It is no secret that technology can be used for good or for ill. This case is no different. The app in question allowed for the crowdsourced reporting and mapping of police checkpoints, protest hotspots, and other information. On its own, this information is benign. However, over the past several days we received credible information, from the Hong Kong Cybersecurity and Technology Crime Bureau, as well as from users in Hong Kong, that the app was being used maliciously to target individual officers for violence and to victimize individuals and property where no police are present. This use put the app in violation of Hong Kong law. Similarly, widespread abuse clearly violates our ‌App Store‌ guidelines barring personal harm.

We built the ‌App Store‌ to be a safe and trusted place for every user. It’s a responsibility that we take very seriously, and it’s one that we aim to preserve. National and international debates will outlive us all, and, while important, they do not govern the facts. In this case, we thoroughly reviewed them, and we believe this decision best protects our users.

Tim
Cook has since been criticized for his claim that the app is used to target individual police and members of the public. The developers say HKmap Live is designed to help protestors avoid law enforcement. As such, it doesn't show individual officers but only large concentrations of police, as reflected in the web-hosted version of the app.

In a Twitter post, Charles Mok, a developer and member of Hong Kong's legislative council, revealed that he had written to Cook saying he was "deeply disappointed with Apple's decision to ban the app, and would like to contest the claims made by Hong Kong Police Force's Cyber Security and Technology Crime Bureau (CSTBC)."
"There are numerous cases of innocent passers-by in the neighborhood injured by the Kong Kong Police Force's excessive force in crowd dispersal operations," he wrote.

"The user-generated information shared using HKmap.live in fact helps citizens avoid areas where pedestrians not involved in any criminal activities might be subjected to police brutality which many human rights organizations such as Amnesty International have observed."
Mok's letter went on to note that since the banned app aggregates real-time reports from Telegram, Facebook and other sources, then the same standard should also be applied to review these social media apps.

In the U.S., lawmakers have also criticized Apple for not standing up for democratic values and free speech. "An authoritarian regime is violently suppressing its own citizens who are fighting for democracy," said Democrat senator Ron Wyden in a tweet. "Apple just sided with them."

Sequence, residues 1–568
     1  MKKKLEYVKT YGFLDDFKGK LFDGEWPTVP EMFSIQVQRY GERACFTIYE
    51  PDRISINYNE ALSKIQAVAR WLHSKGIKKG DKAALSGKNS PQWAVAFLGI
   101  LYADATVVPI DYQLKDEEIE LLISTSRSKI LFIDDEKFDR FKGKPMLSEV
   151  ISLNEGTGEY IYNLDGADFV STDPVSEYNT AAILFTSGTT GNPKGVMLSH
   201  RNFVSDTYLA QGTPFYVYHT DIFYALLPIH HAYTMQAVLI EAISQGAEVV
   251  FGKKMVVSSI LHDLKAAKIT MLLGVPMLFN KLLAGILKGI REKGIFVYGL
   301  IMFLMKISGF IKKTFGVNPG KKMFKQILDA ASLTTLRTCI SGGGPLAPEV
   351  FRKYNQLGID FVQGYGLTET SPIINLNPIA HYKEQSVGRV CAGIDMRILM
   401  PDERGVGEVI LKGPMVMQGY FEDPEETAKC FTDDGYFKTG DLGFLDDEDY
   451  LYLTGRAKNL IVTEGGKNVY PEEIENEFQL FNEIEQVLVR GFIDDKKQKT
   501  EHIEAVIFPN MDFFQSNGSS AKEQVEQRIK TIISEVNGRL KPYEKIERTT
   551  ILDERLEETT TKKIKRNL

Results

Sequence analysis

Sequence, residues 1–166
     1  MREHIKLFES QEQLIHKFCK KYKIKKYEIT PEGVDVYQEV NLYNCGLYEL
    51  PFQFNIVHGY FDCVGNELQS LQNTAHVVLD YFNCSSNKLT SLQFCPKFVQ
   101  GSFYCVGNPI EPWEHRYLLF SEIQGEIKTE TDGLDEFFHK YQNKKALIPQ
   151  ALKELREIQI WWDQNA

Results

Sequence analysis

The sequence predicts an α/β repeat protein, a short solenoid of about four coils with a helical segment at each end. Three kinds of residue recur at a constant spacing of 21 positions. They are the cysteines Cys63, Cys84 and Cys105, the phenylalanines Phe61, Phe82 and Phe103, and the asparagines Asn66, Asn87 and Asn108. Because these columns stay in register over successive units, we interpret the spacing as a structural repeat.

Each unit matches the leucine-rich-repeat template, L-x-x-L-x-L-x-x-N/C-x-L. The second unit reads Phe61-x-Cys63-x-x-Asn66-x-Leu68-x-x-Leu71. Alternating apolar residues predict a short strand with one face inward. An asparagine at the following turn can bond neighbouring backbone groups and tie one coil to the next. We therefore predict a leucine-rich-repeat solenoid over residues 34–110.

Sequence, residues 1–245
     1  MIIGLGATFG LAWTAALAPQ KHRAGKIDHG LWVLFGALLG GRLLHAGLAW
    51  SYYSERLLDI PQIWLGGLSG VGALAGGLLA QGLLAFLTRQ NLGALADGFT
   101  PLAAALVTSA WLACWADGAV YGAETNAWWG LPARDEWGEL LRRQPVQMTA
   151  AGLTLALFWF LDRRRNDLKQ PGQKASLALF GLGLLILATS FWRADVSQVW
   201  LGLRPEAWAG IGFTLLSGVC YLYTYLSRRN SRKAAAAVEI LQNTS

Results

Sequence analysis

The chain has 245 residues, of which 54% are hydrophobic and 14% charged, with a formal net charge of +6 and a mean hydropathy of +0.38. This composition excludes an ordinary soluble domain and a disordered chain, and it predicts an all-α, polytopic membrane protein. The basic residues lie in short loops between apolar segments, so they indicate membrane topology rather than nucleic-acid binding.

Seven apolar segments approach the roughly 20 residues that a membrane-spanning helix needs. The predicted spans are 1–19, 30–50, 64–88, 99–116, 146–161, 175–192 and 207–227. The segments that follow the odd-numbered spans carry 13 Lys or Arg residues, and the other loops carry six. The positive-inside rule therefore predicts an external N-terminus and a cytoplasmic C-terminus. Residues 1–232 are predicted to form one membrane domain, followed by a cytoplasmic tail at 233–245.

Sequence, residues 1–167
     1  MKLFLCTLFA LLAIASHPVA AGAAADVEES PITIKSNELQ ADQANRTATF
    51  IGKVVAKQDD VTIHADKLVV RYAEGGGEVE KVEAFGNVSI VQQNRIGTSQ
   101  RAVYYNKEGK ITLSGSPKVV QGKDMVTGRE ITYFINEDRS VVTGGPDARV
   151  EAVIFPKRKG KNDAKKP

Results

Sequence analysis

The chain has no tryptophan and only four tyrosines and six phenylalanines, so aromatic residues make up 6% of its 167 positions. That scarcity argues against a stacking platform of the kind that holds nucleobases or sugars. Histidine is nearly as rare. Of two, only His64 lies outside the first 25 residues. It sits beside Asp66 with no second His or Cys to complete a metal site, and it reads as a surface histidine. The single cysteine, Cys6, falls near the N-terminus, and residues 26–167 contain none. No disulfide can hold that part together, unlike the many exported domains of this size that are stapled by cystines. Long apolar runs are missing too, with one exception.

"Apple assured me last week that their initial decision to ban this app was a mistake," tweeted Republican senator Josh Hawley. "Looks like the Chinese censors have had a word with them since. Who is really running Apple? ‌Tim Cook‌ or Beijing?"

At a press conference on Thursday, Hong Kong's Secretary for Transport and Housing was asked by reporters which local laws HKmap Live had violated that led Apple to remove it from the ‌App Store‌, but the official deferred to Cupertino: "The taking down of the app from the ‌App Store‌ is the decision made by the operating company – Apple. So, if you want to know the reason for them to take down the app, maybe you can approach Apple and the Apple Store."

Apple has so far declined to comment on the matter.

Note: Due to the political nature of the discussion regarding this topic, the discussion thread is located in our Politics, Religion, Social Issues forum. All forum members and site visitors are welcome to read and follow the thread, but posting is limited to forum members with at least 100 posts.


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Apple Pulls Hong Kong Protest App From App Store Following Chinese Criticism

Apple has pulled an app from the App Store that Hong Kong protestors have been using to track police movements, saying it violates the company's guidelines and local laws.

Apple approved HKmap Live last week after reviewing its decision to initially reject the app from the  App Store .


However, on Wednesday Apple was criticized by Chinese state media for its decision to make the app available. "Letting poisonous software have its way is a betrayal of the Chinese people's feelings," said the People's Daily.

The app has since been delisted from the  App Store  and Apple has issued the following statement:
We created the  App Store  to be a safe and trusted place to discover apps. We have learned that an app, HKmap.live, has been used in ways that endanger law enforcement and residents in Hong Kong. Many concerned customers in Hong Kong have contacted us about this app and we immediately began investigating it. The app displays police locations and we have verified with the Hong Kong Cybersecurity and Technology Crime Bureau that the app has been used to target and ambush police, threaten public safety, and criminals have used it to victimize residents in areas where they know there is no law enforcement. This app violates our guidelines and local laws, and we have removed it from the  App Store .